Ownership in Software

Axel Schulz axel at schulz.ph
Thu Apr 22 16:27:57 UTC 2004

Hej Frank,
Hej List,

> > You are free to create software and you are free to share the
> > source code but if you force someone to give away his work or
> > doesn't allow him to do with it what he wants to do you violoate
> > his rights and freedoms.
> Yes, and that's exactly what Stallman advocates. E.g., he criticized
> another license for requiring that each derived work must be
> distributed or published.

But doesn't that presupposes that you have the source code? I have to accept a license by M$ when I want to install their software. But how shall I distribute or be forced to publish a derived work?

If Stallman really says so, he goes a little to far I think. And this is my problem. I like his ideas. I make use of the FSF and the GPL [1] but to much freedom harm others, just as to much restrictions do nowadays.

> If you write something for your own use, there should be no
> obligations. 

Right! But you should respect the rights of others. But with your own work you can do what you want. Besides rights are there without any legal recognition.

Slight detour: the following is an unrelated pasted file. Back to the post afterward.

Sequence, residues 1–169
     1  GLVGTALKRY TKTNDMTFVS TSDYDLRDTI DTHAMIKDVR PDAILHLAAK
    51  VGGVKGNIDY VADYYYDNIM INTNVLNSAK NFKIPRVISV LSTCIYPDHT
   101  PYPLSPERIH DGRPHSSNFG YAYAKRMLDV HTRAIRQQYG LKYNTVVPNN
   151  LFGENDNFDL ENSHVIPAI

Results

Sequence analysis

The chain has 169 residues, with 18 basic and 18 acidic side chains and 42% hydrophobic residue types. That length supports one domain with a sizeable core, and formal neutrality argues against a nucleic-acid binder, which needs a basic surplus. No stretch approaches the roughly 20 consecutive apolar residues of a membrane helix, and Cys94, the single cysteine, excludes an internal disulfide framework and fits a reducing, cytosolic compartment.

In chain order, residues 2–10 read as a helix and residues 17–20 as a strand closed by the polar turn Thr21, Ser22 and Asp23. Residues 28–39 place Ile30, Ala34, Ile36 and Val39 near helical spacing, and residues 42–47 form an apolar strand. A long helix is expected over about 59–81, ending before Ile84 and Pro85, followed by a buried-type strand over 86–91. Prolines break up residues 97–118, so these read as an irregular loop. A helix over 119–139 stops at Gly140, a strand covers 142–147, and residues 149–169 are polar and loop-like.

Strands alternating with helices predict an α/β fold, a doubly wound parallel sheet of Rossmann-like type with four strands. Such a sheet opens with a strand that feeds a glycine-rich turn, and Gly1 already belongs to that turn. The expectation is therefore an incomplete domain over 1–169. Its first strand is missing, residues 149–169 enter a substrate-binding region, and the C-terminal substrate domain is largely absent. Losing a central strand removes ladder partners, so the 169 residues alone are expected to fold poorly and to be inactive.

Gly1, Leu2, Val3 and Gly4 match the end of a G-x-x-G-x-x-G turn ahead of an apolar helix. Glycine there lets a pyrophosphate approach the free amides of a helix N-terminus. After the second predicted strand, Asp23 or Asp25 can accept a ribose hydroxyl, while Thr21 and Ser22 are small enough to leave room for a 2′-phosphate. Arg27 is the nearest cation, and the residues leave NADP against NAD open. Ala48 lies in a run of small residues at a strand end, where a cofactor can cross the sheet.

> But as soon as you give the work to someone else, every
> use of your power affects others' freedoms as well, so any arguments
> based on "absolute freedom" fail at this point, and you have to
> weigh the freedoms of both parties against each other.

It is tricky to talk about "absolute" entities. Rights, duites, freedoms and so on can be absolute. An American philospher (Mackie [1]) claimed that the only absolute right in moral philosophy is the right to life. If we accept this, than we have to measure and weigh laws and our principles and conventions in respect to that right. But this is beyond the purpose and competence ;-)) of this list.

Back to the absolute freedom. I think the concept still holds. I do not accept that there is a natural relation between the "absolute freedoms" of the "power-holder" and the one who takes the software.

This relation arises when the "taker" agrees to the condition. One of the condition is that the "power-holder" may excercise her power.
I see this issue as an contractual relation in which both sides now what they agree about in advance.
I know that in your (engineering) professional life this is a myth. I read very often on other list what trouble the introduction of OO.org causes. But that does not waive the moral concepts which apply to some kind of ownership, and that is waht I am interessted in.

The question is if by denying the right to "ownership" you do something better to society. And if it is really necessary to deny a freedom to "ownership-wanters".

The GPL is a very smart solution. It restricts also the "taker" of the license but it does something very good to society. But this software has an author. That is way I hold that Stallman is a little mistaken.

What do you think?


[1] http://newedu.de/litdat/
[2] http://www.uwichill.edu.bb/bnccde/_e&ae/ph19b_Rights.htm

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